But cracks showed in RNG’s rusty execution in the mid game. While RNG’s method of drawing pressure in side lanes worked well in 2017, much of the meta has evolved to prioritize mid prio after the first set of turrets falls. Instead of using pressure in sides to help Uzi, Ming, and Karsa contest FPX for mid prio, the game simply stalled out when FPX flanked in side lanes first and had to force Langx and xiaohu to back off. Rotations from the mid section went much faster for FPX, and RNG’s moves felt less decisive when they simply gave up the mid wave to have Uzi flank sides on Quinn in latter parts of the series.
Because of RNG’s disastrous and somewhat outdated execution, it seems very likely that they’ll go back to what they’ve practiced for the past two years: propping up Uzi to carry team fights. That approach cost them dearly against G2 Esports at last year’s World Championship, but Fnatic and SK Telecom T1 are not G2.
A world where SK Telecom T1 doesn’t get out of Groups
In assessing SK Telecom T1’s play in Summer, I named both Fnatic and Royal Never Give Up as good stylistic matchups against LCK’s first seed. Part of this comes from both teams’ ability to target through the bottom lane. For RNG, they play to snowball Uzi. For Fnatic, they play to free up support Zdravets “Hylissang” Iliev Galabov to roam to mid or top lane.
Throughout most of the summer split, Fnatic played with most jungle proximity near top laner Gabriël “Bwipo” Rau. But if SKT T1 don’t target their bottom lane and instead play for 2v2s on top side, an early game plan similar to the one Griffin executed against SKT T1 in Game Three of the LCK final naturally suits Fnatic. Like Son “Lehends” Siwoo, Hylissang is happy to look for champions like Shen that can turn a top lane 2v2 into a top lane 3v2.
While Bwipo and Kim “Khan” Dongha come cut from a similar cloth, SKT T1’s support-jungle synergy isn’t nearly as strong as Fnatic’s. Hylissang will likely serve as the critical factor in turning the top side. Unlike Griffin as well, Fnatic are way more likely to use Hylissang’s advantages to contest the mid lane after the first turrets fall.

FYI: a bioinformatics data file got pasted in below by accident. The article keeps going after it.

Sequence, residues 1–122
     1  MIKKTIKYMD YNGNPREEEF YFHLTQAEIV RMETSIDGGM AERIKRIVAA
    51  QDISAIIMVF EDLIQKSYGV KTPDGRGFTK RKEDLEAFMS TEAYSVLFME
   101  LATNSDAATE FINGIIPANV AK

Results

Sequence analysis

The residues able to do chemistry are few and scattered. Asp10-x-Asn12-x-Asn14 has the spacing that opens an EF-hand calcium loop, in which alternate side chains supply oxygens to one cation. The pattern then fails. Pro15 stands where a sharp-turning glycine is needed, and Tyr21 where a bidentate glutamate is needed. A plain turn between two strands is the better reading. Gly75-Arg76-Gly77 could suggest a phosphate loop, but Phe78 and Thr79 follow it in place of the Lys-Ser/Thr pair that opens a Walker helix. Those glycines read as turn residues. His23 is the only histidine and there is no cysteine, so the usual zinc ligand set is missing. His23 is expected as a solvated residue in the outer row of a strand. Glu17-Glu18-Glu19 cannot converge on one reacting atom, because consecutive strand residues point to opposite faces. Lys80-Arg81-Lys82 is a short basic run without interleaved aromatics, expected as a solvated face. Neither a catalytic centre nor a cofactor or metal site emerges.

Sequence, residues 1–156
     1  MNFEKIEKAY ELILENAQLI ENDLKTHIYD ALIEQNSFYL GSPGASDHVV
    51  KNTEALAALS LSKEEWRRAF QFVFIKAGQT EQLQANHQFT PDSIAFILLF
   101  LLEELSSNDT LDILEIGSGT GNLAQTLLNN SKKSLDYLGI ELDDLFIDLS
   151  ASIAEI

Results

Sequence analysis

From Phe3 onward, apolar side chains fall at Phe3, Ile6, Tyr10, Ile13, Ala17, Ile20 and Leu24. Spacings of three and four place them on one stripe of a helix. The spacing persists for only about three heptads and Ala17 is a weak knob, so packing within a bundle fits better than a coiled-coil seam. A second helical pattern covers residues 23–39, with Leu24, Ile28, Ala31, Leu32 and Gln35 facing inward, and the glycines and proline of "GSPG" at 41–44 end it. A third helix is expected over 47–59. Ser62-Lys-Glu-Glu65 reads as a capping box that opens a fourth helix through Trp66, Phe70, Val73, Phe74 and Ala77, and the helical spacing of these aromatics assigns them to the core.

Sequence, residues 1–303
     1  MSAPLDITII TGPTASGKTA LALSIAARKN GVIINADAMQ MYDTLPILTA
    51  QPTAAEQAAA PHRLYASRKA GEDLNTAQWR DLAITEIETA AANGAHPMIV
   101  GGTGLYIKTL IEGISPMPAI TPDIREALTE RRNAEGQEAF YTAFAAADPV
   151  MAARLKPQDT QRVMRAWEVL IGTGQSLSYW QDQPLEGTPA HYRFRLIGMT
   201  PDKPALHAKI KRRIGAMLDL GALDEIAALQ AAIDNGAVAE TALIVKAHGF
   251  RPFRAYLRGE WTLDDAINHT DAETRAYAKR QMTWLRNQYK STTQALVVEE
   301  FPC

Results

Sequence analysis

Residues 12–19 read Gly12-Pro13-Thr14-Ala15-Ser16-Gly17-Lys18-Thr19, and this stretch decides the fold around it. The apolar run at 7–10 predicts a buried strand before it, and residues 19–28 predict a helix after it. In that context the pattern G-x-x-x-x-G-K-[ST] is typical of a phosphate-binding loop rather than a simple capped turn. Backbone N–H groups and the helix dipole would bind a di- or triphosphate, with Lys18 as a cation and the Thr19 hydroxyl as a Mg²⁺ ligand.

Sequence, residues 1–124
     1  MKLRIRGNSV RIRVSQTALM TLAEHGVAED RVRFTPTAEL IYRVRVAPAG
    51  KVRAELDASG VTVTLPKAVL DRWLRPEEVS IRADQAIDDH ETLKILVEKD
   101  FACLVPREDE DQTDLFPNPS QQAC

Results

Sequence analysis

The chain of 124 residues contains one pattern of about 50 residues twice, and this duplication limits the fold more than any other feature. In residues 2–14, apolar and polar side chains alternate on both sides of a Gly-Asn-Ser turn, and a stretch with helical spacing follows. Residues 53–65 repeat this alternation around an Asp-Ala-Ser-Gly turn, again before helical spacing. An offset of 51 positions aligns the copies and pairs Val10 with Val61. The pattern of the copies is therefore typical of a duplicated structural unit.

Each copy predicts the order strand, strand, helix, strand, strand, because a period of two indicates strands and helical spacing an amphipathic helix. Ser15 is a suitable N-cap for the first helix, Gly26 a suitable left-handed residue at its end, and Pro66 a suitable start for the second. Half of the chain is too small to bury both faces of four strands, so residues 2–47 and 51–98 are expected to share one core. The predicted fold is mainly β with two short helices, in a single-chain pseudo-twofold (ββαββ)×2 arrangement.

Royal Never Give Up typically have good jungle tracking and are unlikely to fall prey to some of the 2v2 forces on mid lane that SKT T1 used to defeat Griffin. They will look for earlier windows to dive the bottom lane than SKT T1 typically use to leave the lane.
RNG also look for more four man plays on the bottom side of the map. If RNG ban or deny Ezreal, they can limit SKT’s ability to control the mid-section safely and play to out-team fight with a more accelerated AD Carry: a scenario SKT often readily opt into at bad item timings when they fight for unnecessary Cloud or Ocean dragons.
Fnatic’s failures against Royal Never Give Up
Fnatic’s losses to Royal Club at international events comprise the vast majority of Europe’s international losses to China. Since 2013, Fnatic have lost three best-of-fives in decisive fashion, winning only two games in bracket stages. Most of the bottom lane 2v2s between Rekkles and Hylissang and Uzi and Ming have tipped decidedly in RNG’s favor even without excessive jungle pressure.
With the way both teams have evolved, if that occurs again, Fnatic’s primary playmaker in Hylissang won’t be able to leave lane to roam. Fnatic can aim to counter by putting Tim “Nemesis” Lipovšek on a champion that gets easy mid lane priority, but punishing xiaohu for frequent roams didn’t yield success for opponent teams domestically.
Since Fnatic do naturally play more for top side and Langx has suffered more in absorbing pressure than Letme did when the two teams met previously, that could be Fnatic’s way forward. Fnatic and RNG will effectively enter an arms race between top and bottom lane, but a Fnatic without Hylissang freed on the bottom side is a headless Fnatic in the mid game and something we’ve nearly never seen in LEC this season.
Generally speaking, Royal Never Give Up should be counted as the weakest of SKT T1, RNG, and Fnatic in Group C. If they advance to the quarterfinals, they’re the team least likely to make a deep run. But because of stylistic advantages and RNG’s bot-fixated playstyle, RNG could well advance from Group C as first seed.
Unfortunately, that outcome would also cause the competitive nature of the rest of the event to suffer. Perhaps even a group of G2 Esports and Griffin would better keep RNG down, but as it stands, SKT’s Group of Death is RNG’s chance at life.